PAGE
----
Research on emerging adulthood has increased over the past decade, including further investigation of the five features of emerging adulthood: (a) exploring identity, (b) instability, (c) focus on self, (d) feeling in-between, and (e) possibilities (Arnett, 2004). Despite an increased focus on this age period (i.e., 18 -- 29 year olds), research has not addressed the context of free time and leisure. Trends among European emerging adults include increased delay of marriage, decreased childbirth, and general postponement of adult markers. Both the high cultural valuation of leisure and the apparent change in patterns of external markers (i.e., sustained low fertility rates, delayed age of first marriage, declining national populations) in Europe, made Europe a prime setting for studying the leisure of emerging adults. This case study reviews the features of emerging adulthood in a leisure context across European cultures. Using data collected in interviews, the content analysis illustrates the prominence of identity exploration in emerging adults of Europe compared to the four other features of emerging adulthood in a leisure context. Further cultural discourse analysis highlights leisure as a resource for accessing opportunity and a space for freely making choices. The discourse analysis also includes the reconstruction of the cultural schema regarding leisure and each of the five features of emerging adulthood.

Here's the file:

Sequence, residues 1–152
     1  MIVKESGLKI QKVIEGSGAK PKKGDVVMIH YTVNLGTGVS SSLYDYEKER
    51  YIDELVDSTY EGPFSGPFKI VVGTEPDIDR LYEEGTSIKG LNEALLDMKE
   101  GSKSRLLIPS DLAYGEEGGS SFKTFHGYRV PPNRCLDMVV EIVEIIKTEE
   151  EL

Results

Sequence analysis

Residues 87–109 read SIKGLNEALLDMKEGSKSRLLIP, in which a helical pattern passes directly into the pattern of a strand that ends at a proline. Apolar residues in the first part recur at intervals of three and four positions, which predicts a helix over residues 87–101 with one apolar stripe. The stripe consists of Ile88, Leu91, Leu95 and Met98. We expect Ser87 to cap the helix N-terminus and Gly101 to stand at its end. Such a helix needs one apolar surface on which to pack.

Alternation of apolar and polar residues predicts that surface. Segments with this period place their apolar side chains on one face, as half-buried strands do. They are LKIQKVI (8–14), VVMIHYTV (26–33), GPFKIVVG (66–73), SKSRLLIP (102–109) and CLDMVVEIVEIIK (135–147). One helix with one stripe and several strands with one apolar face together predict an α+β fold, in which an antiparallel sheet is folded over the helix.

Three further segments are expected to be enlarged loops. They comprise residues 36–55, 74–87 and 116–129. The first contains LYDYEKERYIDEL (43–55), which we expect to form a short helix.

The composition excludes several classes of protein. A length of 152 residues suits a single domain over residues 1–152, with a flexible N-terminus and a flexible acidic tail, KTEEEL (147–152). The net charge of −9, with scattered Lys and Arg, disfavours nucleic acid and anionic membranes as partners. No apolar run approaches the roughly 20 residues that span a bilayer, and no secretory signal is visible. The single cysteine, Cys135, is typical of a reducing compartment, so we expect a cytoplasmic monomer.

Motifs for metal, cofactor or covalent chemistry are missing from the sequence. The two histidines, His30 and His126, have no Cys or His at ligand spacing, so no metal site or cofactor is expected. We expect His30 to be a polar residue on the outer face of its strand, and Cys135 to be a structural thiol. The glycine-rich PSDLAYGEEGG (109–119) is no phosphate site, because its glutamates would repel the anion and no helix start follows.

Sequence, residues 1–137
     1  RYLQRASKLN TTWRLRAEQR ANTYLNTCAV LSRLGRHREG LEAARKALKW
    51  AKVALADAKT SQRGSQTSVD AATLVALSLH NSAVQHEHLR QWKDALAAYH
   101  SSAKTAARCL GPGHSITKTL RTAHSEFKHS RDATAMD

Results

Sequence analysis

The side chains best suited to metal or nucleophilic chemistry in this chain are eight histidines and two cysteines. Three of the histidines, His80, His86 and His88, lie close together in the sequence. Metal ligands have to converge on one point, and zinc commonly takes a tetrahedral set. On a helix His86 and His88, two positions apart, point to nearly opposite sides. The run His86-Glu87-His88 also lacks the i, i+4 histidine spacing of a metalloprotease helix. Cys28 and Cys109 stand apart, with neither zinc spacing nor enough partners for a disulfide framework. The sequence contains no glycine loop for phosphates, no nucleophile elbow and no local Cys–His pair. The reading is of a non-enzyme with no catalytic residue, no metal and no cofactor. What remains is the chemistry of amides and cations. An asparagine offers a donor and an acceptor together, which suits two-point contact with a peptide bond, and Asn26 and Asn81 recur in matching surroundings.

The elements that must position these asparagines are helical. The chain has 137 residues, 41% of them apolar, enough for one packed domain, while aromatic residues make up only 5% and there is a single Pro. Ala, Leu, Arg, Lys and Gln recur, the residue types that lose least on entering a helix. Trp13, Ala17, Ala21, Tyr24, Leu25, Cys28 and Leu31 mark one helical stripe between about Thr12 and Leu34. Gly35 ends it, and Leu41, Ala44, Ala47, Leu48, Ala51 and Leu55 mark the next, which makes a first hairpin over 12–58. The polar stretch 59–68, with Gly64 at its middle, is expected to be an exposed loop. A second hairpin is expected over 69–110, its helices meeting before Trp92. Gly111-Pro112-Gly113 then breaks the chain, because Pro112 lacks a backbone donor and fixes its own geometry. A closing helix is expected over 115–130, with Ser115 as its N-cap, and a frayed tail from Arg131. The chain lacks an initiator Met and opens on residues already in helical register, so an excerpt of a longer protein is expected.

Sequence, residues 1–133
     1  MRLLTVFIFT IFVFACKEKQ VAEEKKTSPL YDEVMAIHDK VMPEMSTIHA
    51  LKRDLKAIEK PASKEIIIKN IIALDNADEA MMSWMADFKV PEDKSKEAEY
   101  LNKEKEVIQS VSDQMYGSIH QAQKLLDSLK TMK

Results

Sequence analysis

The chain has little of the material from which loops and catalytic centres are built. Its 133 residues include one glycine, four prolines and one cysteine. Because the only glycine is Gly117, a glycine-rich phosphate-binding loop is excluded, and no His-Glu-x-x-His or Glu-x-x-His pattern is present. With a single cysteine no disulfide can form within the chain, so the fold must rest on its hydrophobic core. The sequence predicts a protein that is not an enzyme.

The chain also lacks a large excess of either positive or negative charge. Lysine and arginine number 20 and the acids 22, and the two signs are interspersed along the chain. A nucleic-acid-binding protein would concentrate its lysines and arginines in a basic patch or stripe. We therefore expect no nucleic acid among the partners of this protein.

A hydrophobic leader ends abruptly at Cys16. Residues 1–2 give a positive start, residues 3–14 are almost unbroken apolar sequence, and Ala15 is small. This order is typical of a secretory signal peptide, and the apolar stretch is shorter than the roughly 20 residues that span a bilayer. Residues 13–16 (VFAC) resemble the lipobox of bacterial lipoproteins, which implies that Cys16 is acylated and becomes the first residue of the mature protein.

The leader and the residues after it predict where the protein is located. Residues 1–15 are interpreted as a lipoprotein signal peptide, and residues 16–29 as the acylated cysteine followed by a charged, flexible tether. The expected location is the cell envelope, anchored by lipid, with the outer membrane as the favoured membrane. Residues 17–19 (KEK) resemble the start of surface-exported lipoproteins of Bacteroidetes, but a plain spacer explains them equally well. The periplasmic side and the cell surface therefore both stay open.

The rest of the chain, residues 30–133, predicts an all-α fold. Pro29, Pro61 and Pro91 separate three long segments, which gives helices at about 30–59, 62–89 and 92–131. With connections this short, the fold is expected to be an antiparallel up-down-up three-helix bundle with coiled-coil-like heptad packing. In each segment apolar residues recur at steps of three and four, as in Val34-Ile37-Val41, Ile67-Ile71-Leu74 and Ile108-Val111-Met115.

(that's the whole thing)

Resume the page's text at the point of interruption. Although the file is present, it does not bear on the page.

College and Department
Marriott School of Management; Recreation Management
BYU ScholarsArchive Citation
Layland, Eric K., "European Emerging Adults in the Context of Free Time and Leisure" (2013). All Theses and Dissertations. 3701.
emerging adult, leisure, free time, Europe, identity, metaphor analysis